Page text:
Microsoft

Review: Halo 5: Guardians - Playing to Strengths (campaign only)

You can't blame one game as the catalyst for turning the Halo story into a convoluted mess. Halo 4 introduces the Didact as the new antagonist, yet his inconsequential actions create a circular story. In Halo 3, the Flood army changes sides more times than the Italians during World War 2. Regardless of what happens, somewhere in the galaxy, Covenant and Prometheans forces await the Master Chief's arrival. They wait for you to shoot them.

Halo 5: Guardians re-threatens the entire galaxy because we need a reason to shoot aliens. Not much motivates a faceless, robot-like character to risk his life to save everyone, again. To push Master Chief aside, 343 Industries brought in new characters - Spartan Locke and the rest of Fireteam Osiris. But even four new major characters can't define urgency in Halo 5's story. It doesn't matter why Master Chief and Spartan Locke shoot the Prometheans and Covenant - it stopped mattering. Halo 5: Guardians adds long overdue adjustments to movement and weapons to renovate what matters most: gunplay. And the evolution of Halo's core gameplay will last longer than any convoluted space opera about saving the galaxy.

Review: Sunset Overdrive - Grind, Shoot, Bounce

Sunset Overdrive lets players enable a curse filter, and for good reason. If players expect fart jokes and the same banter between Captain Qwark and Dr. Nefarious from Ratchet & Clank, then the punk rock aesthetic and free flowing cursing might jolt long time Insomniac Games fans. Sunset Overdrive both looks and sounds different from the decades of Ratchet games, but Insomniac still retains their signature weaponry and silly characters. Sunset Overdrive's dozens of goofy weapons and extraordinary character mobility turns Sunset City into the Xbox One's deadliest playground.

The Fizco Corporation initiates an apocalypse when their Overcharge energy drink starts turning Sunset City's citizens into mutants. Fortunately for the player, the deadly orange drink eludes your lips, but now you must escape the quarantined Sunset City to survive.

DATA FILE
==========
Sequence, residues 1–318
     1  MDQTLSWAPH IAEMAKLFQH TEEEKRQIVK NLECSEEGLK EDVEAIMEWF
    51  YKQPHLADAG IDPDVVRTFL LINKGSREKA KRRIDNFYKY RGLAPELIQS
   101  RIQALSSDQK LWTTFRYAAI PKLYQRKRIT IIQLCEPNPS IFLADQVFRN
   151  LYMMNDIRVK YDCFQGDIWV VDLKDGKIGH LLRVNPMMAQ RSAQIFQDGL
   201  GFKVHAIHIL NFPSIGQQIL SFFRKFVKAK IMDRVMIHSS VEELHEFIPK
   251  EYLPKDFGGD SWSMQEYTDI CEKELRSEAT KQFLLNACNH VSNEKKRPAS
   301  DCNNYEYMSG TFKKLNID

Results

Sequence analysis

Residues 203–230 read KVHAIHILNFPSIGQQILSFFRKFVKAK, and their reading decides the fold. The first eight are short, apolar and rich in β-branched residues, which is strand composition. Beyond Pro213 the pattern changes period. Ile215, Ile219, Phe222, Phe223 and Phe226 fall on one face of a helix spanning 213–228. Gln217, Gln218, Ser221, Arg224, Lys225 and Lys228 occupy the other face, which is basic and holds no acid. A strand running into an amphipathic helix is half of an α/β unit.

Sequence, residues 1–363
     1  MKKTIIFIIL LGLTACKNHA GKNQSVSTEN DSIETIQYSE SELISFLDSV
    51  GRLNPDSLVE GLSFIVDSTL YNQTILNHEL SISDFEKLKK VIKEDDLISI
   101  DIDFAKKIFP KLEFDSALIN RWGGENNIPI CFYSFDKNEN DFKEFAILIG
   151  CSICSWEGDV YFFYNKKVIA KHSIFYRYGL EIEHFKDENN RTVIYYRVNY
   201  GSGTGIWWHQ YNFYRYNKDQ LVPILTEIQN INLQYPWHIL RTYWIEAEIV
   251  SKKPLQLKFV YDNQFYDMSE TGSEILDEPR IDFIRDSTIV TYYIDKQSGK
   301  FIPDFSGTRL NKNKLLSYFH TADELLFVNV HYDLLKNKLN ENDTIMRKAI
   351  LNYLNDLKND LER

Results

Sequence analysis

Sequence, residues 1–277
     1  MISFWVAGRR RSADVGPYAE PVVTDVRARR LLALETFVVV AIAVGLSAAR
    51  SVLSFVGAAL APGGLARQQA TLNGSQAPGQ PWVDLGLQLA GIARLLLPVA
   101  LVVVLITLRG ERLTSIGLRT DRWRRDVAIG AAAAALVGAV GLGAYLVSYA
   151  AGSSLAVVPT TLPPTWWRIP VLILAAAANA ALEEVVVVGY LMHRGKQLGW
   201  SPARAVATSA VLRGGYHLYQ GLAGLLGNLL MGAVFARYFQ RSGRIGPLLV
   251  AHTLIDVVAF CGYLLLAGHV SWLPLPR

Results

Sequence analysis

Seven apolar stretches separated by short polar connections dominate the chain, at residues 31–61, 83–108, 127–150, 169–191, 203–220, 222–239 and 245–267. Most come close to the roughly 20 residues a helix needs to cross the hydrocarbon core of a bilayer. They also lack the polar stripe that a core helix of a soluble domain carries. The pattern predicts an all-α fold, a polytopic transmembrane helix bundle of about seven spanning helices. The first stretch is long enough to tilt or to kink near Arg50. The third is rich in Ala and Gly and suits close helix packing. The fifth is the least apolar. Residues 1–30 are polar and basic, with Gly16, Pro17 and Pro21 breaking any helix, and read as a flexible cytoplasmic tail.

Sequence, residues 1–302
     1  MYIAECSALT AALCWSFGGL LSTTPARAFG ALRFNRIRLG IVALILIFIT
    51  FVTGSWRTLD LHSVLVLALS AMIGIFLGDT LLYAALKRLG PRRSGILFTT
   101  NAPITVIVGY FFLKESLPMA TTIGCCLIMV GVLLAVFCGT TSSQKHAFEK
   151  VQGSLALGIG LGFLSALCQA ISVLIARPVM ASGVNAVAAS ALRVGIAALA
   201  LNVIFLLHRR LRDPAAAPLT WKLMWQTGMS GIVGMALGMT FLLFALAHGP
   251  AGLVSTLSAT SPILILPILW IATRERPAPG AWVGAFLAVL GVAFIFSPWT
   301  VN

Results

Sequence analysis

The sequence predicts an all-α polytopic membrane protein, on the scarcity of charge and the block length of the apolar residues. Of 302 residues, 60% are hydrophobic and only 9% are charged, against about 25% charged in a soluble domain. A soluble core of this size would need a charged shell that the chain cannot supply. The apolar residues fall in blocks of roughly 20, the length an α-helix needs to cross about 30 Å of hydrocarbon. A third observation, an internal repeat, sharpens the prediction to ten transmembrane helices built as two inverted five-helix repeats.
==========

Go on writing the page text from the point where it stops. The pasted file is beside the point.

Review: The Walking Dead: Season 2 - Age is not Wisdom

A prompt pops up at the start of The Walking Dead: Season 2 asking the player to import a save file from the previous game. Plot points and player actions personalize each player's story, or so Telltale claims. Yet continuity only works if the story demands it - if a story still needs an end. Season 2 needs a new set of characters and a new main character to begin a brand new story. Instead Telltale brings back 11-year-old Clementine and places her in another dysfunctional group destined to not survive. The results of the second season returns the plot to where Clementine began, making the new season an unnecessary blip in Clementine's brief lifetime.

Clementine learns a lot over the past three years and owes much of her survival to Lee's guidance and support. Even around adults, Clementine must make her own decisions and often offers better alternatives than the group leaders. Regardless of her age, Clementine fights off the strength of adult sized zombies, shoots with pin-point accuracy and persuades anyone lacking just a shred of confidence - she can do anything.

Review: BioShock Infinite - Clear Skies

A utopia, no matter how promising, will always fall. Unlike the first BioShock, in BioShock Infinite you will witness the floating city of Columbia as it descends from the perceived perfection and suffer the same fate as the underwater city of Rapture. The inevitable utopic fall represents one of the many themes throughout the game which all contribute to the believability of a society living in the sky. The gradual development of these themes builds upon the understanding of Columbia's history and current events. Irrational Games' attention to detail and their ability to imagine grand fictional worlds only compliments one of the best told stories in video games.  

Review: Dishonored - Blink, stab

I don't know if I actually enjoy stealth games. I find that whenever guards spot me trying to sneak from behind, I fall into an awkward limbo where I will either restart from my latest save, or stab everyone in the neck until I hear complete silence. Unfortunately, Dishonored doesn't change my mostly cynical opinion about the stealth genre. Dishonored's industrial, Victorian era setting fails to even compete with the highly detailed and futuristic world of Deus Ex, but it stays close to the crouch walking, throat stabbing and trap setting tactics found in the best stealth games.

Syndicate content